Peak cicada season arrives in Georgia

Close-up of a Cicada. 13-year periodical cicada from Brood XIX emerging in North Carolina April 2024. (Adobe Stock)

(Georgia Recorder) — Turns out the solar eclipse wasn’t the only rare natural phenomenon in store for 2024. Instead of looking up at the sky, Georgians should prepare themselves to look down at the ground – or maybe in the trees. Because this summer’s spectacular isn’t the moon or the sun, it’s a whole lot of bugs.

The special kind of cicada that only emerges from underground every 13 years is set to surface by mid-May this year and will appear in at least a dozen states in the Southeast, including Georgia.

Nationwide, this year’s batch of cicadas is particularly exciting because two types of periodical cicadas, which have black bodies, red eyes, and orange-tinted wings, will emerge at the same time. One of these broods is “The Great Southern Brood,” the largest periodical cicada brood in North America. Millions of periodical cicadas will emerge in Georgia as part of Brood XIX. By early June, the periodical cicadas will die off, replaced with the annual cicadas Georgians are used to that can last as long as November.

‘They’re harmless’

Nymphs, or baby cicadas, normally live below ground, eating the sap from hardwood tree roots. But every 13 years, they emerge and spend their adult lives above ground for a couple of weeks. Most of the cicadas will be concentrated in northwest Georgia outside of heavily concentrated metro areas. “It will be like having a National Geographic right in your own backyard,” Michael J. Raupp, emeritus professor of entomology at the University of Maryland, said. “You won’t have to travel to Africa to have seen some spectacular event because it’s going to happen right in the suburbs of the major cities of Georgia.”

Nancy Hinkle gets a close look at a Great Southern Brood cicada, a special kind that only emerges from underground every 13 years. It is set to surface by mid-May this year and will make an appearance in at least a dozen states in the Southeast, including Georgia. (Courtesy Nancy Hinkle)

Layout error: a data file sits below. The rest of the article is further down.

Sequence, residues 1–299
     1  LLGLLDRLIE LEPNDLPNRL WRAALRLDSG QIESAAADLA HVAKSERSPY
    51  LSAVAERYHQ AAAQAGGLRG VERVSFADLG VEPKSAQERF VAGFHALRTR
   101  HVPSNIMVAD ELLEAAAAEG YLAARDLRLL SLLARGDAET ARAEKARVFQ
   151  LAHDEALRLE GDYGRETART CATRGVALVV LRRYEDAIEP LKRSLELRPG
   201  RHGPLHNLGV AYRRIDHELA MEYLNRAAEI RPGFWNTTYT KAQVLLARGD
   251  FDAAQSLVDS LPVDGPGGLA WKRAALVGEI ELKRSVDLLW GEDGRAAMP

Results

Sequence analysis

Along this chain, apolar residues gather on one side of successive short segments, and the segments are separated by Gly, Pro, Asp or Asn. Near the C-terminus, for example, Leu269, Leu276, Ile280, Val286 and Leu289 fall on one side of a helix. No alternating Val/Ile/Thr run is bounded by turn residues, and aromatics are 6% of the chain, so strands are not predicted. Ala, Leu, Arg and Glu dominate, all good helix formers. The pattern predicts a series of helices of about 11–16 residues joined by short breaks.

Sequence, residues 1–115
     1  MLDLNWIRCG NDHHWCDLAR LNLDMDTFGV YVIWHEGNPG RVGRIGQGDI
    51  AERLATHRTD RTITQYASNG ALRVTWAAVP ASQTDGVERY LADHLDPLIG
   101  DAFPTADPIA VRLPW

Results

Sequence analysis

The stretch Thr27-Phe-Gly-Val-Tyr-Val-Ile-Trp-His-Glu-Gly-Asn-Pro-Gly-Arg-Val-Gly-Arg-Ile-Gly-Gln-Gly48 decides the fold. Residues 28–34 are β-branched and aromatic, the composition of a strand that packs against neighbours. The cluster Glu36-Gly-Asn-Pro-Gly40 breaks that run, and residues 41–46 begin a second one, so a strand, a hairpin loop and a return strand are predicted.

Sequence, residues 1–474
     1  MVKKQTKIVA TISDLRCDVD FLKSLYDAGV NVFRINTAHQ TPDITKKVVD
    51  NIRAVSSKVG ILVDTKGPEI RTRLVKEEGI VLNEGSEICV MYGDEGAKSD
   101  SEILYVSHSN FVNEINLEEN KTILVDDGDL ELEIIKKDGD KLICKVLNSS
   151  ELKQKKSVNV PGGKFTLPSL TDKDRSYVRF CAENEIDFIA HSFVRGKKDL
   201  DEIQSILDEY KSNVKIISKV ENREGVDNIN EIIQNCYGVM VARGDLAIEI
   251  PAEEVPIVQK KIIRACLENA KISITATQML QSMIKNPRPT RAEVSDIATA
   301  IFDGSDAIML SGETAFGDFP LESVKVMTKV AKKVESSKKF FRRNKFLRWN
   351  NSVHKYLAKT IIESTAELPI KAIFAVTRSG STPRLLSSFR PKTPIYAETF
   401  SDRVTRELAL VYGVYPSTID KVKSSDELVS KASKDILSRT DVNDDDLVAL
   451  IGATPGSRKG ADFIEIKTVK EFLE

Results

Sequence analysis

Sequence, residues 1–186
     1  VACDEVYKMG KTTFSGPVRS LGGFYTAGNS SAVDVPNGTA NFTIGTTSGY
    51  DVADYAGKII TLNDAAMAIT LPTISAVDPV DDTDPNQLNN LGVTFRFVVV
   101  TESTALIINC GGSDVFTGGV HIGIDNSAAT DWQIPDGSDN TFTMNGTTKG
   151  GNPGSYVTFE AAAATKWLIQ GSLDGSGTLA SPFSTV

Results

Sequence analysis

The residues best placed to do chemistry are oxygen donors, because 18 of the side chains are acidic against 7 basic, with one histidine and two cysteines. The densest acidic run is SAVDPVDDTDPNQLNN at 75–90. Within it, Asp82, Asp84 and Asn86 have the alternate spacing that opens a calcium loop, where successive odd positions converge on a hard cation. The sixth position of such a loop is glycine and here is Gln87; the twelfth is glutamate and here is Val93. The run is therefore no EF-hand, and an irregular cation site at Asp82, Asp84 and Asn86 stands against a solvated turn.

With millions of cicadas crawling around, some may be tempted to flee the state. But entomologists who study cicadas say there’s nothing to fear. “They’re harmless. They can’t bite, can’t sting and are not poisonous. They’re not going to harm us. They can’t harm plants. They’re not going to do anything to your garden or your lawn,” Nancy C. Hinkle, an entomologist at University of Georgia who studies cicadas as a hobby said. “So no reason to be concerned. Just enjoy them.”

Cicadas play an important role in the ecosystem, transferring the biomass they eat from trees to the rest of the animal kingdom as birds and small mammals feed off of them.

“Everything out there is getting an extra boost of nutrition this year,” Hinkle said, adding that Georgia will see increased populations of deer, turkey, and other wildlife next spring because this year’s wildlife got extra nutrition from the large cicada population this summer. When the cicadas die, their bodies fertilize plants and return nutrients to the soil.

Life and death in the digital age

Entomologists urge everyday citizens who see cicadas to take photos and upload them to iNaturalist, a wildlife database that researchers around the country can pull from when investigating brood XIX. For researchers like Evan Lampert, a biology professor at the University of North Georgia, researching the distribution and timing of periodical cicadas, modern technology will make all the difference in studying cicadas in 2024 versus the last time they appeared in 2011.

“This is the largest emergence in Georgia and it’s really the first emergence of this brood in Georgia since a lot of the online citizen science has been around. Yes, there were smartphones back in 2011. But iNaturalist was just barely used at the time and Cicada Safari didn’t exist,” Lampert said. “This is our first chance to really get people all over the state involved in posting pictures and sending records in.”

Periodical cicadas will live among humans for just a short time before dying off.

“It’ll be both life and death that people have had an opportunity to witness. They’re going to see all the elements that go into the natural world in terms of birth and death and song and romance,” Raupp said.

Entomologists urge Georgians to take advantage of this unique natural phenomenon.

“It’s kind of like the eclipse that we had last month,” Hinkle said. “You only get a chance, maybe five, maybe six times in your life to actually see these cases emerging.”

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